After 75 Days on Furlough, USFK Korean Employees Return to Work | Be Korea-savvy

After 75 Days on Furlough, USFK Korean Employees Return to Work

Seen in this photo taken June 3, 2020, is a gate of the U.S. Forces Korea's Yongsan Garrison in Seoul. (Yonhap)

Seen in this photo taken June 3, 2020, is a gate of the U.S. Forces Korea’s Yongsan Garrison in Seoul. (Yonhap)

SEOUL, June 15 (Korea Bizwire)Thousands of South Korean employees for the U.S. Forces Korea returned to work Monday following months of unpaid leave, after Seoul and Washington agreed upon a wage deal amid their stalled defense-cost sharing negotiations.

More than 4,000 South Korean workers had been on the furlough since April 1, as Seoul and Washington failed to reach an agreement on a new Special Measures Agreement (SMA) that stipulates how much Seoul will pay for the upkeep of the 28,500-strong USFK.

But the furlough was to end as the U.S. defense department accepted South Korea’s proposal earlier this month to fund the labor costs for all USFK Korean workers through the end of this year.

“All the employees returned to work today as planned. It is expected to bring many things back to normal,” a USFK official said.

The labor union welcomed its members back and expressed gratitude to the South Korean and U.S. governments for their agreement to end the furlough.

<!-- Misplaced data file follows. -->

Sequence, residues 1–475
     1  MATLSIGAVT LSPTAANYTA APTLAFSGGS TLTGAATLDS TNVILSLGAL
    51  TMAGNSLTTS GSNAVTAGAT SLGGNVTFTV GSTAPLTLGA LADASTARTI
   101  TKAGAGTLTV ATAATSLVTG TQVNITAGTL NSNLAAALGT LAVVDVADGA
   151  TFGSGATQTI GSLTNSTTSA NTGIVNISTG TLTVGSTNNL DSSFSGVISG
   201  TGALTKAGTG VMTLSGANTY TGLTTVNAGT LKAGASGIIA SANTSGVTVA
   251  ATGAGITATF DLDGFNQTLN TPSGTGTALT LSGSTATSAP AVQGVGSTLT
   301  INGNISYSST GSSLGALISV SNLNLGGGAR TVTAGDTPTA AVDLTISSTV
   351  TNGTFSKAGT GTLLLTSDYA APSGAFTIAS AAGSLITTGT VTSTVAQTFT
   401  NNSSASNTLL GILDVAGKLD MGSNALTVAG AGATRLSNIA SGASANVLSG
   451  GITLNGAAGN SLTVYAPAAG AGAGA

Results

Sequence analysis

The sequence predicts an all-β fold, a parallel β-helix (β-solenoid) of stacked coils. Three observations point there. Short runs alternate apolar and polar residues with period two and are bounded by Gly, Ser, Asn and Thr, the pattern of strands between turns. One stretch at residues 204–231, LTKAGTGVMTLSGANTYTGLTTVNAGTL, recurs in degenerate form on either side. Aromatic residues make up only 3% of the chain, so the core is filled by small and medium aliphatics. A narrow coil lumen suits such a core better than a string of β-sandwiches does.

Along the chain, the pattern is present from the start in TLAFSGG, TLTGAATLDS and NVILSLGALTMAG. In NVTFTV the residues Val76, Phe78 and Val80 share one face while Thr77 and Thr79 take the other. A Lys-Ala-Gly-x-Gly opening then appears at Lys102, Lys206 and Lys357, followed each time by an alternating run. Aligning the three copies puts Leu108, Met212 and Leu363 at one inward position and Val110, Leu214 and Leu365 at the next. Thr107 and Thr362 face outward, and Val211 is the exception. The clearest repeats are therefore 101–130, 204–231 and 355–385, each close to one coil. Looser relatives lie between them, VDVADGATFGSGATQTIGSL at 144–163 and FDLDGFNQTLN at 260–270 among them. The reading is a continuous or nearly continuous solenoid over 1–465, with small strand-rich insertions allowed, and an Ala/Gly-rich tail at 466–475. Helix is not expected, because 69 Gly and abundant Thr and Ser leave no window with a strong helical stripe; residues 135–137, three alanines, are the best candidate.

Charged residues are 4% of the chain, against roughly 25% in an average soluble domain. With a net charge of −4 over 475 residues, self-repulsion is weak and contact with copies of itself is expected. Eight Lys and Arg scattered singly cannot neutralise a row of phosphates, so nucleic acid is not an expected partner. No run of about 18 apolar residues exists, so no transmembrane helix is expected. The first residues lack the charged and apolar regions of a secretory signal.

“We’ve all gone through a hard time. Now we again became one single complete entity,” a union member said. “We will continue to strive to prevent a recurrence.”

The defense cost-sharing negotiations have been deadlocked after U.S. President Donald Trump rejected Seoul’s offer as insufficient.

Officials said Washington has asked Seoul to pay $1.3 billion per year, a nearly 50 percent increase from last year, while Seoul says its best offer stands at a 13 percent increase.

After the previous SMA expired at the end of last year, Seoul proposed that the two sides first settle the salary issue and then work toward a broader cost-sharing agreement.

In April, South Korea also delivered its intention to pay the workers first and then deduct the amount from whatever financial contribution it agrees to make under a new SMA.

Washington had objected to the idea, saying it would detract from a comprehensive deal, but changed its course apparently due to growing financial burdens on USFK and impacts of the absence of around half of the local workforce on its readiness posture.

“The two countries are working on a separate arrangement on this wage issue,” a Seoul official said. “Efforts to clinch a fair SMA are also under way.”


Leave a Reply

Your email address will not be published. Required fields are marked *

You may use these HTML tags and attributes: <a href="" title=""> <abbr title=""> <acronym title=""> <b> <blockquote cite=""> <cite> <code> <del datetime=""> <em> <i> <q cite=""> <strike> <strong>